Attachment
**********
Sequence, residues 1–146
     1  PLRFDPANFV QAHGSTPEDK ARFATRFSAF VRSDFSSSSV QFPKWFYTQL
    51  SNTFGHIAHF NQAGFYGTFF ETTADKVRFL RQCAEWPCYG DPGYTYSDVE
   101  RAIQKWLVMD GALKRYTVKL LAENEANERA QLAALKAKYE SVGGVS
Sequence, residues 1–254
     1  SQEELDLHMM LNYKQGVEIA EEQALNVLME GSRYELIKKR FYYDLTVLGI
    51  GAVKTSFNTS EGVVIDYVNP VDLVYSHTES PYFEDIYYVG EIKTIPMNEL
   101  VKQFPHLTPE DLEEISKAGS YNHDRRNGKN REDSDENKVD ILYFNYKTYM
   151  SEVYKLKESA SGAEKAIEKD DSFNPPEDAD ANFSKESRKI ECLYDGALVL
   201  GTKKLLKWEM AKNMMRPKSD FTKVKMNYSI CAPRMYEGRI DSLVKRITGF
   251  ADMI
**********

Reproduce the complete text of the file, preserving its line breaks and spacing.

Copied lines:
Sequence, residues 1–146
     1  PLRFDPANFV QAHGSTPEDK ARFATRFSAF VRSDFSSSSV QFPKWFYTQL
    51  SNTFGHIAHF NQAGFYGTFF ETTADKVRFL RQCAEWPCYG DPGYTYSDVE
   101  RAIQKWLVMD GALKRYTVKL LAENEANERA QLAALKAKYE SVGGVS
Sequence, residues 1–254
     1  SQEELDLHMM LNYKQGVEIA EEQALNVLME GSRYELIKKR FYYDLTVLGI
    51  GAVKTSFNTS EGVVIDYVNP VDLVYSHTES PYFEDIYYVG EIKTIPMNEL
   101  VKQFPHLTPE DLEEISKAGS YNHDRRNGKN REDSDENKVD ILYFNYKTYM
   151  SEVYKLKESA SGAEKAIEKD DSFNPPEDAD ANFSKESRKI ECLYDGALVL
   201  GTKKLLKWEM AKNMMRPKSD FTKVKMNYSI CAPRMYEGRI DSLVKRITGF
   251  ADMI